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Author Topic: [IDEA] plugin for dd-wrt that allows selling internet connection to neighbors  (Read 5202 times)
uncaer9
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January 22, 2012, 07:45:51 PM
 #21

Great idea, I have bought my first open-source router recently. But I don't think any of my neighbours would use it.
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kangasbros
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January 22, 2012, 11:24:52 PM
 #22

Great idea, I have bought my first open-source router recently. But I don't think any of my neighbours would use it.

Probably not, but it would be a great way to advertise bitcoin at least. And maybe if you would sell it really cheap, like 5 eur/month, then it would catch better the neighbours attention.

Getting my own internet hopefully tomorrow, and going to setup dd-wrt at some point...

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January 23, 2012, 11:08:49 AM
 #23

Hmm, how are people going to pay with bitcoin, if the network is blocked until they do so ? Smiley
(Assuming one does not have a mobile wallet with a few coins)

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January 23, 2012, 01:46:11 PM
 #24

Hmm, how are people going to pay with bitcoin, if the network is blocked until they do so ? Smiley
(Assuming one does not have a mobile wallet with a few coins)

I can imagine two ways:
1. Seller allows free use of traffic that looks like Bitcoin for X hours/MAC (most people won't change their MAC address)
2. Buyer creates an offline signed transaction, sends to seller
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January 23, 2012, 04:08:43 PM
 #25

Hmm, how are people going to pay with bitcoin, if the network is blocked until they do so ? Smiley
(Assuming one does not have a mobile wallet with a few coins)

I had mobile wallet with couple of coins, in addition I had a lousy 3g connection via my mobile phone. Mobile connections are common nowadays, however they are not that reliable and don't offer high bandwidth. In Finland you can get one even as low as 1 eur/month, in Germany where I currenöty reside mobile internet starts from 10 eur/month.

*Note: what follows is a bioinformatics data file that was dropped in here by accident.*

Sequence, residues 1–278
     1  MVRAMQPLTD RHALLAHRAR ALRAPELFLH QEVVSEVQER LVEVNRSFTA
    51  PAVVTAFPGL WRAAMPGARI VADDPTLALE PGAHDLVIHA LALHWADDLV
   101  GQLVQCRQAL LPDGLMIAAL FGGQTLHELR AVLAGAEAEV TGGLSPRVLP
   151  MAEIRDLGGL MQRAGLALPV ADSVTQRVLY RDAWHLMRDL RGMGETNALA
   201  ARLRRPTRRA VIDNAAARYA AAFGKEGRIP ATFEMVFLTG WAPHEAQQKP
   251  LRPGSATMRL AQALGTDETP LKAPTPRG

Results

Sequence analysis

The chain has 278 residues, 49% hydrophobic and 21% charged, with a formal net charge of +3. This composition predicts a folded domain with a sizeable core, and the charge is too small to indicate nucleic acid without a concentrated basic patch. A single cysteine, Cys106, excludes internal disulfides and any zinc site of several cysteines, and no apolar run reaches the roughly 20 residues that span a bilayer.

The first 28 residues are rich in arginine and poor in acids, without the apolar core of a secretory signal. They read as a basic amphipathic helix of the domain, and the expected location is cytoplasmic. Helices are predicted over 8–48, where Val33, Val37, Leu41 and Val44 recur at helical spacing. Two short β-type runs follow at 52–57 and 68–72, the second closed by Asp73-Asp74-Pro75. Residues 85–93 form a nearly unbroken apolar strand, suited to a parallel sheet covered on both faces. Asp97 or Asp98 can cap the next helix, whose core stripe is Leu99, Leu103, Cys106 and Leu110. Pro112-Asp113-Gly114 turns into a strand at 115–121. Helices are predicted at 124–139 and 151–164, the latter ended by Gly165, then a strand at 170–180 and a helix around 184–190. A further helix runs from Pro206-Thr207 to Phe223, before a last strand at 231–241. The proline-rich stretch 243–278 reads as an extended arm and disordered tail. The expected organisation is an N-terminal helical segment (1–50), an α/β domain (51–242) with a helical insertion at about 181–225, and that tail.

Edit: In addition, I think that almost all operators offer internet connection built in for something like 24 snt/megabyte. Of course it isn't cheap, but is enough to access your bitcoins and pay for the connection Smiley

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January 23, 2012, 04:27:54 PM
 #26

right, one could get online using the phone and broadcast a transaction, even without catching up first, as long as its not new coins.

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January 23, 2012, 04:53:07 PM
 #27

Hmm, how are people going to pay with bitcoin, if the network is blocked until they do so ? Smiley
(Assuming one does not have a mobile wallet with a few coins)

I can imagine two ways:
1. Seller allows free use of traffic that looks like Bitcoin for X hours/MAC (most people won't change their MAC address)
2. Buyer creates an offline signed transaction, sends to seller

there is an easier solution that avoids all that headaches

1. You allow any person to have bitcoin connectivity. The portal would allow only port 8333 connection to a bitcoind daemon until the client pays. It's safe for the bitcoind daemon because the portal establishes ssl/tls connections to make json-rpc requests and for the client too because he can update his block-chain and pay you the coins. The AP owner would be interested being on and serving the longest blockchain, the good one, because if not the coins he receives could be worthless and the client would not have to trust the AP owner because his client already includes some blockchain hashes including the entire genesis block. It's on the wiki Smiley

All this has a side effect... anyone could use the bitcoin infrastructure for free and that means you will never be left without connectivity when making a payment in a local store when 10 wifi networks are present.

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kangasbros
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January 23, 2012, 05:05:56 PM
 #28

Hmm, how are people going to pay with bitcoin, if the network is blocked until they do so ? Smiley
(Assuming one does not have a mobile wallet with a few coins)

I can imagine two ways:
1. Seller allows free use of traffic that looks like Bitcoin for X hours/MAC (most people won't change their MAC address)
2. Buyer creates an offline signed transaction, sends to seller

there is an easier solution that avoids all that headaches